Category Archives: YA Fiction

Writer Wednesday: Hitting the Mark with Amy Durham

I am pleased to welcome author Amy Durham back to Writer Wednesday! Amy has a captivating new release, Asher’s Mark, a New Adult Romance book. Please check out the book’s description, excerpt and buy links after Amy’s wonderful guest post about doing the hard stuff.
by Amy Durham
My oldest son is a junior in high school. YIKES! It seems like just yesterday I was writing about him on my website as he was beginning middle school!
High school is a really fun stage in his life, as he’s discovering the things he loves to do, fine-tuning the things he’s good at, and beginning to make decisions about his future. I’m enjoying every minute of watching him become a young man.
When he was a freshman, he auditioned for All-State band for the first time. This is a rigorous audition process – that involves 2 different “cuts” – to determine the very best instrumentalists in the state. For his instrument (French Horn), only 20 players from the entire state are selected each year. He made it through the first cut, finishing 5th overall in our district. Already a tremendous accomplishment for a freshman competing against students who are sophomores, juniors, and seniors in high school. When he didn’t make it through the second cut to be one of the 20 selected, he was bummed. So was I. But not too terribly disappointed.

We had a talk about what it meant to do the “hard stuff”. Auditioning for All-State band, especially as a freshman, was hard. He didn’t have to do it. He CHOSE to do it. And choosing to do the “hard stuff” is how we improve, how we grow, and how we eventually “get there”. There’s such value in doing the hard stuff. When we stretch ourselves past what is comfortable or easy, that’s where we find who we truly are. Where, after several tries, we find success.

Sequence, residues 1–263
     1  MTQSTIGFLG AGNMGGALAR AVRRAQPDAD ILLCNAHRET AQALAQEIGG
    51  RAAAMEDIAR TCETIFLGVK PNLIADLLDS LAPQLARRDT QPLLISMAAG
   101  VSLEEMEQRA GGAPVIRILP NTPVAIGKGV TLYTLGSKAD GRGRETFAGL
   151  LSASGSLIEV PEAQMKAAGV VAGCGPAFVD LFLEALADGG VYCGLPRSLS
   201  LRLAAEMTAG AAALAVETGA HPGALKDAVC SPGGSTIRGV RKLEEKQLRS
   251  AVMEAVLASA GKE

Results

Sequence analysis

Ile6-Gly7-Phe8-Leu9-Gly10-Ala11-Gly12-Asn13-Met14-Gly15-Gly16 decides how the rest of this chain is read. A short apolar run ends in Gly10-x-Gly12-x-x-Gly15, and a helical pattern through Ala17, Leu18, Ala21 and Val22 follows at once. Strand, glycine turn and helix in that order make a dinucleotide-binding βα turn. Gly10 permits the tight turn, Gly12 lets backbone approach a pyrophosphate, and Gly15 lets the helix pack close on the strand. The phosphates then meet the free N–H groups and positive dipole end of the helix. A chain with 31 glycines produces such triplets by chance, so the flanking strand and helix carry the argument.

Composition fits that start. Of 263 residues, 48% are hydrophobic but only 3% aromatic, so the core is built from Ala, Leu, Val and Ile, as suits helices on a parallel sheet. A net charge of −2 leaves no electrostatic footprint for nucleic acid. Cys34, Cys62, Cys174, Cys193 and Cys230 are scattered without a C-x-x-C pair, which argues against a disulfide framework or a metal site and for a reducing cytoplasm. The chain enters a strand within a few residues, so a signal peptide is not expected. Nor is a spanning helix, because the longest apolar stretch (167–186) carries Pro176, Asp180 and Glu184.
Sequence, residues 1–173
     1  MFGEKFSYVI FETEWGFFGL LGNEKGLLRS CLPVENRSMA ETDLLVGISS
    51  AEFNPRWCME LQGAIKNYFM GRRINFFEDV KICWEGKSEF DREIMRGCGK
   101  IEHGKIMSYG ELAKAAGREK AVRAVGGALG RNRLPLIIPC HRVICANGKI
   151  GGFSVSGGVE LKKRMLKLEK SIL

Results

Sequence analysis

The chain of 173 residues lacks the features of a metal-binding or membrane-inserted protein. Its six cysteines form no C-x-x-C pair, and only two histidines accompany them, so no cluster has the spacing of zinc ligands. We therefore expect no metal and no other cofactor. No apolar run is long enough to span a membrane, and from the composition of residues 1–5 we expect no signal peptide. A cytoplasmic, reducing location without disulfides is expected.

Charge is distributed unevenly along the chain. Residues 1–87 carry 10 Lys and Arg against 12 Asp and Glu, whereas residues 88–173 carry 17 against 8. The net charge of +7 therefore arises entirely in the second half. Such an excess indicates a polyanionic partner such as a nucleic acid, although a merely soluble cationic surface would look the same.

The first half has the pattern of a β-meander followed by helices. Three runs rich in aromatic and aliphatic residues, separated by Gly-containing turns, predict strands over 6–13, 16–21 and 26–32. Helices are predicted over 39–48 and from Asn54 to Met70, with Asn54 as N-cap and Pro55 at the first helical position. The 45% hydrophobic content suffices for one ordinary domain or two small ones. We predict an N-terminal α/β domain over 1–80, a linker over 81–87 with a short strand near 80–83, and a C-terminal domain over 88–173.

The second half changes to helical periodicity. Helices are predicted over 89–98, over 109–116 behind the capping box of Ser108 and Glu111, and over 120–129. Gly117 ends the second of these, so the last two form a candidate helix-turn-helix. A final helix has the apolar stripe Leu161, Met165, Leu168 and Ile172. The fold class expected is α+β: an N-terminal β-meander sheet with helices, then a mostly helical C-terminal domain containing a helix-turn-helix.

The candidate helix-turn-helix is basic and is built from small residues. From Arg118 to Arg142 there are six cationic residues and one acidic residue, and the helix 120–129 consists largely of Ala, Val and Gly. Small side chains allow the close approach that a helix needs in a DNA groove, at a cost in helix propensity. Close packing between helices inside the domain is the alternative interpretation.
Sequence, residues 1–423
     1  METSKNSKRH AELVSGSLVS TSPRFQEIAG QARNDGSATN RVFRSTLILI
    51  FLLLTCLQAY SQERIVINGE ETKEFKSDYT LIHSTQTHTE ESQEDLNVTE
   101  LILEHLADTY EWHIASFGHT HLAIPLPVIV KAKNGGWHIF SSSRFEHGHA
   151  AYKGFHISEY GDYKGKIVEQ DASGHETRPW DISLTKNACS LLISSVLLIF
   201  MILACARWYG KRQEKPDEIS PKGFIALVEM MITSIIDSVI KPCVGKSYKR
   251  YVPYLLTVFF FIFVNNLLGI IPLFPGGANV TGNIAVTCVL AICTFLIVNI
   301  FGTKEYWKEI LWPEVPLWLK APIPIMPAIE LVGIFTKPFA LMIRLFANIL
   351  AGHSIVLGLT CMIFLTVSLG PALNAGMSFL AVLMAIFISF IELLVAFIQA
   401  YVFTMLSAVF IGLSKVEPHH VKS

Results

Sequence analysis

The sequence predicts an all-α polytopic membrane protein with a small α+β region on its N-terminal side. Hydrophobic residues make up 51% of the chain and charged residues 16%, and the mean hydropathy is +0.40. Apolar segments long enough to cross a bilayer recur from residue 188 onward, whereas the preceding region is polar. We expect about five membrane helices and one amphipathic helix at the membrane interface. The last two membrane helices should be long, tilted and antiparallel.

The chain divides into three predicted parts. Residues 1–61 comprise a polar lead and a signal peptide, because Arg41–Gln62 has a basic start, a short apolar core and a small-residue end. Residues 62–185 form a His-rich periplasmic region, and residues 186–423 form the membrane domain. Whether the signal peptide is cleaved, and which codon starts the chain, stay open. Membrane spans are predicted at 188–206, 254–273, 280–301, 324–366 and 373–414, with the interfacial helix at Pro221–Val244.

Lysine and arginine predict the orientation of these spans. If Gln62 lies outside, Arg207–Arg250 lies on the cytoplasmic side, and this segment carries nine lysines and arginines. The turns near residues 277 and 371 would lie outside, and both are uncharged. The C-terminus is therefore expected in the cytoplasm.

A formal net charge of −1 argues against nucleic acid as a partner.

I told him it was sort of like writing a book. Writing a book is not easy, as all authors know. It’s difficult, toiling, gut-wrenching work. It takes a long time and can drain you mentally and emotionally. But authors choose to do it, because we know that by “doing the hard stuff” and stretching ourselves beyond where we’re comfortable, a book eventually comes to fruition. And with each “stretch” and each “completed product”, we grow and improve.

This idea is true no matter what area you pursue. So… dream big… run, don’t walk toward the things you want most out of life… even if it means you have to do the hard stuff. It’s always worth it in the end!

I agree with what Amy says in her post. It’s all too easy to slip into a comfort zone, doing the same thing day-after-day more because it’s comfortable than because it’s the best thing for us. I retired from the practice of law last year and threw myself off of a proverbial cliff to pursue a writing career. And boy, is it a hard thing! A full year later, I still feel like I’m trying to figure out my day, my routine and truly own my choice. But I can absolutely agree with Amy that doing the “hard stuff” is worth it. 

Back to Asher’s Mark, Amy’s newest release:

Asher’s Mark Book Description:
Asher’s Mark by Amy Durham
Grace Ballard has been
in love with Asher Howell for a long time. When she was sixteen, he became her
hero, and she fell head over heels for the boy with a ring through his eyebrow,
a big heart, and an unending sense of justice. But two years ago he left for